No, sometimes life tests manhood in a different way. Sometimes the routines, obligations, and necessities of being a husband, father, and all-around man test our mettle. Allow me a football analogy to illustrate. Occasionally (and, to be honest, not often enough), we can show off our manhood the way a wide receiver shows off in the NFL. We get to leap high in the endzone, snatch the pigskin out of the air, and get both feet in bounds for that game-winning touchdown. In that glorious moment, we prove to the those watching, and more importantly, to ourselves, that we have what it takes. As John Eldredge says, in such a moment, we prove that we can come through.

For much of life (and again, for many of us, too much of life), however, we are more like the offensive linemen in the game. We keep our heads down, firing off the line of scrimmage play after play, but never seeing ourselves on the highlight reels. We slog back and forth from the huddle to the line, a bit tired but still finding redemption in our own understanding that none of the wide receiver’s glory is possible without the dirty work we do every play. And that’s one of the fundamental facts of the job: such work really matters.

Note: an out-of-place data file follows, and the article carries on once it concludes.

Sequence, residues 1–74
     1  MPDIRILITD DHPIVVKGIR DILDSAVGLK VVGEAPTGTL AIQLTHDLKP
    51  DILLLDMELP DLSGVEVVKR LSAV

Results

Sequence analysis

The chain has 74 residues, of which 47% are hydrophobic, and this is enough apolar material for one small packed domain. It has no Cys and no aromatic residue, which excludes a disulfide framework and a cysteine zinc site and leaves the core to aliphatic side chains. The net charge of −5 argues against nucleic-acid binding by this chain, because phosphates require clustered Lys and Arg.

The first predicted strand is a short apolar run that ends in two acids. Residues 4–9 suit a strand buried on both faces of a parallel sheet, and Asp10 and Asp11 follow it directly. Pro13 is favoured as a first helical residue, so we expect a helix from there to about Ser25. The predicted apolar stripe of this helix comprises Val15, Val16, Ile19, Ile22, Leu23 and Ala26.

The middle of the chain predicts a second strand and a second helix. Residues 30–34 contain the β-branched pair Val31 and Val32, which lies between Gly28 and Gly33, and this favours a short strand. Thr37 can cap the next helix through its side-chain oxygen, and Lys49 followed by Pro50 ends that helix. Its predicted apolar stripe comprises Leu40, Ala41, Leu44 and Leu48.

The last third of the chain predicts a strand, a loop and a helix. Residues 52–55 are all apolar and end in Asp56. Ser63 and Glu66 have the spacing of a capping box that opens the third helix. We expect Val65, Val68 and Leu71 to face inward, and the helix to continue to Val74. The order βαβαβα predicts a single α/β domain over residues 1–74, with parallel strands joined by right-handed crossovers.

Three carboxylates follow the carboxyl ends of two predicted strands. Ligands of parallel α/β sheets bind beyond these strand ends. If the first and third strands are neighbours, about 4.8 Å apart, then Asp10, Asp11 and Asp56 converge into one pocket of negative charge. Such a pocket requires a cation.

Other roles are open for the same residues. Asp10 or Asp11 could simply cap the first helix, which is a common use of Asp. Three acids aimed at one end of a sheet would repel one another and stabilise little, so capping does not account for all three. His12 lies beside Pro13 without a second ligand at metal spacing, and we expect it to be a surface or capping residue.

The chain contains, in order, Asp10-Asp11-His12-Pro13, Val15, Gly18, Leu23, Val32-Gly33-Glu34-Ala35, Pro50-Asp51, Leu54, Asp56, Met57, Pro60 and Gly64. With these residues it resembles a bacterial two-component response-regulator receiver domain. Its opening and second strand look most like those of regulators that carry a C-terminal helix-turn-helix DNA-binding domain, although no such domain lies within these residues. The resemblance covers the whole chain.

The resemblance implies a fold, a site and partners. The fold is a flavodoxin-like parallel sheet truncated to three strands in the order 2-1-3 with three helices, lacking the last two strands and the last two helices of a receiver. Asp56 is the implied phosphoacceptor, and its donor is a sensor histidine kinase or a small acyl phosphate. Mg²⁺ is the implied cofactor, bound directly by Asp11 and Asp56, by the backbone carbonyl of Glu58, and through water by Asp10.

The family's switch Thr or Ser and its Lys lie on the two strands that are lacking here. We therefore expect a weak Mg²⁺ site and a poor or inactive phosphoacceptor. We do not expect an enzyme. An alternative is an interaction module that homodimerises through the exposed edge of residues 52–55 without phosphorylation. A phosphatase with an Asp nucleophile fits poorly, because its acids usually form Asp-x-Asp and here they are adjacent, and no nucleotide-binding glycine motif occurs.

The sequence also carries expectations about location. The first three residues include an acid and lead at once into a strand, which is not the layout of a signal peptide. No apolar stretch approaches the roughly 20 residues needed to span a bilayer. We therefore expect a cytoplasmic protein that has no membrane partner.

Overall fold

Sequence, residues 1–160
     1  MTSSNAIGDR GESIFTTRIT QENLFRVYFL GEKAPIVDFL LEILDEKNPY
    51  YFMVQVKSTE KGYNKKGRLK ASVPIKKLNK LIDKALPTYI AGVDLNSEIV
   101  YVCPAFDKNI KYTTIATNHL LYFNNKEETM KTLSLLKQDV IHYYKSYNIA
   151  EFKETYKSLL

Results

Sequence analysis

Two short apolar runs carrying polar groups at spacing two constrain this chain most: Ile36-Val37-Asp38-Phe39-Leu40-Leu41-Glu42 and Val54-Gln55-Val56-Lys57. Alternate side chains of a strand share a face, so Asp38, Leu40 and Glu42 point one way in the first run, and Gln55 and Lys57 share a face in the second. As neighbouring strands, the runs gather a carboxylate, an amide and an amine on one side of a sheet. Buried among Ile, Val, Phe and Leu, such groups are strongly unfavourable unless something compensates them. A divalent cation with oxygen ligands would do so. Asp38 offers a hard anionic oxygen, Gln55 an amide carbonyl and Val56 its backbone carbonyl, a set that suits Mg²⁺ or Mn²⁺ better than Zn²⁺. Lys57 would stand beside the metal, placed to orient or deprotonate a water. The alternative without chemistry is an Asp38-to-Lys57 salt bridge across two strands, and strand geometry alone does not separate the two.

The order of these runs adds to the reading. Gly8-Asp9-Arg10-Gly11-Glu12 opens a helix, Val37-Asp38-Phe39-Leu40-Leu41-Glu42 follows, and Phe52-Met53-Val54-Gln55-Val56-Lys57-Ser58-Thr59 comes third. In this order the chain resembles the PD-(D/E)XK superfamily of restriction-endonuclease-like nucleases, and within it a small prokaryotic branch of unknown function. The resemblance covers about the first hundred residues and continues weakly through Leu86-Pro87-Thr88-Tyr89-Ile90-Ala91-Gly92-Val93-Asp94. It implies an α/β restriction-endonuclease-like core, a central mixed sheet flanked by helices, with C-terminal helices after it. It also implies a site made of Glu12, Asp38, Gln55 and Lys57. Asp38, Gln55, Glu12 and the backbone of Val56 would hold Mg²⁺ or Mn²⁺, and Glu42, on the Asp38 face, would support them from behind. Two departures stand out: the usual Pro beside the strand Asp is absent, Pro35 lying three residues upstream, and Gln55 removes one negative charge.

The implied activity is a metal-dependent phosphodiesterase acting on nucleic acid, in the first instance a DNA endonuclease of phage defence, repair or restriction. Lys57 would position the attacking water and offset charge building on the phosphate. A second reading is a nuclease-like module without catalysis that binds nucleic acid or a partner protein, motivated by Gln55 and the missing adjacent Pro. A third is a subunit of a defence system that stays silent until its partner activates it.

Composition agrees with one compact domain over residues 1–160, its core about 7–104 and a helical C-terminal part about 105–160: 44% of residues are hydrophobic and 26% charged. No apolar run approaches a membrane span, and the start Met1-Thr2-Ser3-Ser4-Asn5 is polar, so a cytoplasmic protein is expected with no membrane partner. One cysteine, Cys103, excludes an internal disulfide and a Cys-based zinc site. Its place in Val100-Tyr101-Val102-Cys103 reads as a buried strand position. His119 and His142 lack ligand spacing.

Here, then, is another fundamental fact of the job: both the wide receiver and the lineman are still part of the team. And, to polish off this somewhat hokey and contrived (but not too much so, I don’t think) analogy, both the risk-taking, danger-confronting male and the daily-living, routine-finishing male are men.

That realization made me feel, as yesterday ended, as much a man as the day I rafted a Class 5 rapid on the Arkansas River. There’s so much value in being able to stand up to the daily responsibilities of manhood. I hope all my emphasis on the risk, the exceptionality, of manhood doesn’t overshadow that truth.

Now, if you’ll excuse me, I have some shelves to dust.